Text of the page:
Nrama: I had a feeling that gravestone scene might come up. But Pete, I can tell from our conversations that you care about this character. Has it been at all difficult for you to write him, knowing what was coming for the little guy?
Tomasi: Actually, as a father it's been very hard at times to write, especially the last few issues. When you connect and invest in a fictional character, they start to live and breathe — become flesh and blood that you start to hold near and dear to your heart. Damian became one of those characters for me, and though I didn't create him, I still felt very protective of him. So writing issues #17 and #18 were hard.
Nrama: I want to talk about those issues in a minute, but first... did Pat know what was coming? I mean, I have to say, his Joker issues were amazing. It feels like he's been pouring his heart and soul into this title.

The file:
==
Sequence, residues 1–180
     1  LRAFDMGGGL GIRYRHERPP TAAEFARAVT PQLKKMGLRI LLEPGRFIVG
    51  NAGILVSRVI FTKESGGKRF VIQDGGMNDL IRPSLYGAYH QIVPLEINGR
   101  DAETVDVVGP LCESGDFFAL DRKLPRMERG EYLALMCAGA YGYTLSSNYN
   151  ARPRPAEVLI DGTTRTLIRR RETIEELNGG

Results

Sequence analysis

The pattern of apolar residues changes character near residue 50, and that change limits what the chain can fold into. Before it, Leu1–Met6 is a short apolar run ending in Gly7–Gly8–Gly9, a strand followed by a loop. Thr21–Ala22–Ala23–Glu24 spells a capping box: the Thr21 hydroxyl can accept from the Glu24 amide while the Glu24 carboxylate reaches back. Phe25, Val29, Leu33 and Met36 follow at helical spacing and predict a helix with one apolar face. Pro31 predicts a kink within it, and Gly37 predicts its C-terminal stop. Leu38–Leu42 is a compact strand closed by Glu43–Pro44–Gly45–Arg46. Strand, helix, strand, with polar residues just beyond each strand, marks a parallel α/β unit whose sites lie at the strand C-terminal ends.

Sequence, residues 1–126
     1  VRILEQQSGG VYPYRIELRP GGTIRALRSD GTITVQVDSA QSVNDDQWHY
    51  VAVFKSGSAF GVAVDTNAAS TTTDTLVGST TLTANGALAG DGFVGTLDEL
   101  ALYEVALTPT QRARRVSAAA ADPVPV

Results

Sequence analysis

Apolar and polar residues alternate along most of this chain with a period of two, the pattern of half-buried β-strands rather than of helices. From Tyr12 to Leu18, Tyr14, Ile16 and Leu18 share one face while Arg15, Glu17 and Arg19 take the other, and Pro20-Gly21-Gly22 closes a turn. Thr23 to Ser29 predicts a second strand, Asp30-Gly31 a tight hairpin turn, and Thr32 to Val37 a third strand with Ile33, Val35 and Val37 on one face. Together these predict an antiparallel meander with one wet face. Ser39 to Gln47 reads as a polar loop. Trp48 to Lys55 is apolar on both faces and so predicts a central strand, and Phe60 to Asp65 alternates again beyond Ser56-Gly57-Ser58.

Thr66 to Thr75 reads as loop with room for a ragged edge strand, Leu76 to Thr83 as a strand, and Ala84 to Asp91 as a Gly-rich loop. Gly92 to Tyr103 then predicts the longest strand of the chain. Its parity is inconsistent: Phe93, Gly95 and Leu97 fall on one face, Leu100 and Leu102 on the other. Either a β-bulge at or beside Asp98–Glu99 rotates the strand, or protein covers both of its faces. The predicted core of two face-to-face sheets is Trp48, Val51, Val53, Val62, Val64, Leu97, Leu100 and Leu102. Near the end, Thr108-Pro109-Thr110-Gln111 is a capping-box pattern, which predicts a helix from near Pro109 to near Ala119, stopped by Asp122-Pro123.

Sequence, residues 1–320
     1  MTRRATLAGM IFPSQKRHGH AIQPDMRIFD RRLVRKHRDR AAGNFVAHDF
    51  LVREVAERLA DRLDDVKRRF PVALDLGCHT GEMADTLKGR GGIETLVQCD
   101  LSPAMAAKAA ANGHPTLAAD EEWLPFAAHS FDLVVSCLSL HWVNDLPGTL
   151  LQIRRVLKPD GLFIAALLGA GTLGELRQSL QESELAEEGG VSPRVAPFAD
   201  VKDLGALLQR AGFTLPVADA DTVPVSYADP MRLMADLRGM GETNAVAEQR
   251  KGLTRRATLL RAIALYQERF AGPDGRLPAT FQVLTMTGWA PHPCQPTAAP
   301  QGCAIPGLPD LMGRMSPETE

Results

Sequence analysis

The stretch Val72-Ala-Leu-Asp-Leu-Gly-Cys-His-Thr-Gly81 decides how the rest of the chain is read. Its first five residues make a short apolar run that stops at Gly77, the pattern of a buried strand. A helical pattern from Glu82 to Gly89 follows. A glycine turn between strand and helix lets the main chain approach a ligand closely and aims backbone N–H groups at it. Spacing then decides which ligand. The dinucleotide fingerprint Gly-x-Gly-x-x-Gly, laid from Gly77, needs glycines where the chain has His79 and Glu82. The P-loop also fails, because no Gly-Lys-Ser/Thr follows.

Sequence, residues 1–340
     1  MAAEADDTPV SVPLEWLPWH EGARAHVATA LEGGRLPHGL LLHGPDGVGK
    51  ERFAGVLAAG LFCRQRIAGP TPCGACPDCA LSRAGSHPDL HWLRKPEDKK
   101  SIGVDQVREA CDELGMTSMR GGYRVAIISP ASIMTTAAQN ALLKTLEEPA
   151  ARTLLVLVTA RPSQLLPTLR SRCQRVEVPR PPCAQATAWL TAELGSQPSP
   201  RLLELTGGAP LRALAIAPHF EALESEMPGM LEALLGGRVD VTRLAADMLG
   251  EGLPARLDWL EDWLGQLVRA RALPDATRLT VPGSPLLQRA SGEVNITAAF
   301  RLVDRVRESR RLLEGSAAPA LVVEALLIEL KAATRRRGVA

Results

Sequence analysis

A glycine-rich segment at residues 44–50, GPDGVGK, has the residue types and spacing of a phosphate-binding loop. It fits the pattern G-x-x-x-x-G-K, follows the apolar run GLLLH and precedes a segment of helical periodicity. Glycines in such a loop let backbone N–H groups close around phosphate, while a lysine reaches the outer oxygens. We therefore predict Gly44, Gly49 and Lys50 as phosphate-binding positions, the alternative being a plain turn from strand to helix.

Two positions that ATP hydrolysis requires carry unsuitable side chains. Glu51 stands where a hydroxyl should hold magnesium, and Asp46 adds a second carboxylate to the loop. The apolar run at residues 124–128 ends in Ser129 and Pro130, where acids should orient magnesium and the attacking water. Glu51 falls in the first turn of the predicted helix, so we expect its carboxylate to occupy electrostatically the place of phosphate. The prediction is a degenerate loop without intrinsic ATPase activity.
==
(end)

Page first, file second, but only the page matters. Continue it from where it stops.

Tomasi: Yep, Pat of course also knew from the get-go that Damian was going to be killed, and he was just as bummed too, knowing that our end point was Bruce burying Damian.
And damn straight, Pat has indeed been doing phenomenal work on an insanely consistent basis. He's about to start work on issue 20, and including the Zero issue he's basically done 19 out of 21 issues which keeps a wackadoodle writer like me shocked and awed each and every month. Those Joker issues -- not only did they scared the crap outta me -- but they also had me cackling with glee when I saw what Pat was doing not only with the Joker's face, but how he approached every small detail of the story. Pat is a man possessed.